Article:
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Time to Fly Free! | Starfinder: We’re No Heroes Reviewed

Sami reviews the opening to the Fly Free or Die adventure path

Starfinder: We’re No Heroes (Paizo Inc)Title: Starfinder Adventure Path #34: We’re No Heroes (Fly Free or Die 1 of 6)

Publisher: Paizo Inc

Authors: BJ Hensley, Kim Frandsen, Chris S. Sims, and Jason Tondro

Artists: Tomasz Chistowski, Franklin Chan, Javier Charro, Michele Giorgi, Doru Golcu, Pixoloid Studios, and Sebastian Rodriguez

Year: 2020

Genre: First chapter of the science fantasy Fly Free or Die! Starfinder roleplaying adventure path

Pages: 64 pages

MSRP: $22.99 in softcover or $15.99 in PDF

We’re No Heroes is not an earth-shattering entry in the Starfinder or tabletop gaming canon — and that’s okay. As the first of six chapter in a near operatic tale of rags, riches, and revenge, it’s a story that knows the tropes and delivers a satisfying execution.

Designed for four level one or two characters, We’re No Heroes finds players toiling away from the Evgeniya-Jaimisson Corporation, a soulless enterprise thriving off exploited labor and expendable employees. Players choose from one of eight background templates, each with its own tie to a major recurring character in the larger Fly Free or Die Adventure Path. Combined with the low level start point, this makes the scenario a great option for onboarding players who are new to the system and world. The built-In connections provided by the backgrounds help facilitate character development, support immersion in the roleplay, and help to ensure that all characters get a moment in the narrative sun.

After being hired to deliver a shipment of Yaro berries for a retiring grocer, players soon encounter trouble in the Starfinder: We’re No Heroes Interior (Paizo Inc)form of space goblins eager to make off with the cargo, kicking off a series of unfortunate and ever-escalating encounters. The adventure’s structure is such that players can feel secure in testing their mettle in both skill checks and combat, thanks to a difficulty curve that slowly but steadily increases. A failure to fix a datapad early on has virtually no consequences, but yields a nice chunk of experience; players who approach play with an open-mind and a willingness to explore will have no trouble finding character growth opportunities.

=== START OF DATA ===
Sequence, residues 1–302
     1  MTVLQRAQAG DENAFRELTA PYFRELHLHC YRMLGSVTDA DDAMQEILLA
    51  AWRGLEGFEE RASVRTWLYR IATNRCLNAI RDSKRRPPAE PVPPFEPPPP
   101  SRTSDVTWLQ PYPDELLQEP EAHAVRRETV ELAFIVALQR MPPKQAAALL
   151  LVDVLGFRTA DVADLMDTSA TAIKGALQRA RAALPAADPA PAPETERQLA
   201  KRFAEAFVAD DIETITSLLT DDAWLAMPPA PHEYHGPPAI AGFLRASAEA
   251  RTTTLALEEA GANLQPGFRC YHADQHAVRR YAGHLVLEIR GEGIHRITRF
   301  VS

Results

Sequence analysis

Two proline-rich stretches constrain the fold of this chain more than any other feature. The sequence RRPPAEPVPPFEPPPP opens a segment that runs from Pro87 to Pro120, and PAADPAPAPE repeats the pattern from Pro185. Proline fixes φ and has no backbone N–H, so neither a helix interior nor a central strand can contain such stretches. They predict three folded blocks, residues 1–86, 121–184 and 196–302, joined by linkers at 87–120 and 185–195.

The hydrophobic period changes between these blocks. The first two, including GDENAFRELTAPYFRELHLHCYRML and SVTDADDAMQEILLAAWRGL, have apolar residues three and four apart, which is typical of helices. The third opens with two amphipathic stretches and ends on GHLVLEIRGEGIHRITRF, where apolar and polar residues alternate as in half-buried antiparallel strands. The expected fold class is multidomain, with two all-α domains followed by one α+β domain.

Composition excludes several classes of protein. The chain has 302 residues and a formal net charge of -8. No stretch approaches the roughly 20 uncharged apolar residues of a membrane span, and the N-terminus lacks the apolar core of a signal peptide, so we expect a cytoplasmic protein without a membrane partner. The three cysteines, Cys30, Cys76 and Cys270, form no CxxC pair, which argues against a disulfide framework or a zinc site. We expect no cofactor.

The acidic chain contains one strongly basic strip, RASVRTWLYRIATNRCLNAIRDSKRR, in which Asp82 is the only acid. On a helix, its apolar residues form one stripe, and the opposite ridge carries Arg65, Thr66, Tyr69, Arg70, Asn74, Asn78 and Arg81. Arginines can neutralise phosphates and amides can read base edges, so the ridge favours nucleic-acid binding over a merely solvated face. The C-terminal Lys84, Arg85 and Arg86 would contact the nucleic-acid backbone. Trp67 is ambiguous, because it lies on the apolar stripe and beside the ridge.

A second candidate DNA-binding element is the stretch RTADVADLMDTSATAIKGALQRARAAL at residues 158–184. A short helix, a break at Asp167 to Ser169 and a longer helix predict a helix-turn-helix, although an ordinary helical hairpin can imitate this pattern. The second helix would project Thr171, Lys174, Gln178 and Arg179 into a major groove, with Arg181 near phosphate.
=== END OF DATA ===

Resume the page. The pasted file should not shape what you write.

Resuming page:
The adventure likewise provides solid support for new GMs, offering scripted responses to any number of character decisions, as well as optional events to sprinkle in. The descriptive text is hearty enough to be read as-is, though author BJ Hensley has still left room for improvisation. Strong guidance is offered on how to introduce NPCs and, as always, these introductions are paired with beautiful illustrations.

Each of the adventures in the Fly Free or Die Adventure Path offer moments of moral choice with the promise of payoff (or payback) down the line. While it’s always satisfying to see a campaign explicitly include consequences for the good or bad characters have wrought, the execution can be tricky; yes, you can place Chekov’s metaphorical gun on the wall, but can it be exploded at just the right moment and in just the right way? Though it’s too early to tell, the hooks established in We’re No Heroes certainly open the door for narratively meaningful boons or banes.

Ultimately, while We’re No Heroes won’t be a must-own for every Starfinder fan, the adventure is a wonderful option for those new to the system. A well-executed, if familiar, premise and strong support for new players and GMs alike yield an experience that feels like playing through an episode of Firefly and gives players a reason to care for the story still to unfold.

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8 TGG SCORE
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Summary
Offering a fun execution of some of sci fi’s favorite storybeats, We’re No Heroes is an enjoyable introduction to the Fly Free or Die Adventure Path, perfect for newer players and GMs.
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Sami Yuhas

Writer, gamer, and necromancer bard (at least in D&D). Sami focuses primarily on board and tabletop gaming, with a focus on sci-fi and fantasy, as well as worker-placements and co-op titles. She prides herself on the ability to overthink world building in games, and cites a three post manifesto on the costuming of XCOM 2 as among her greatest nerd achievements.

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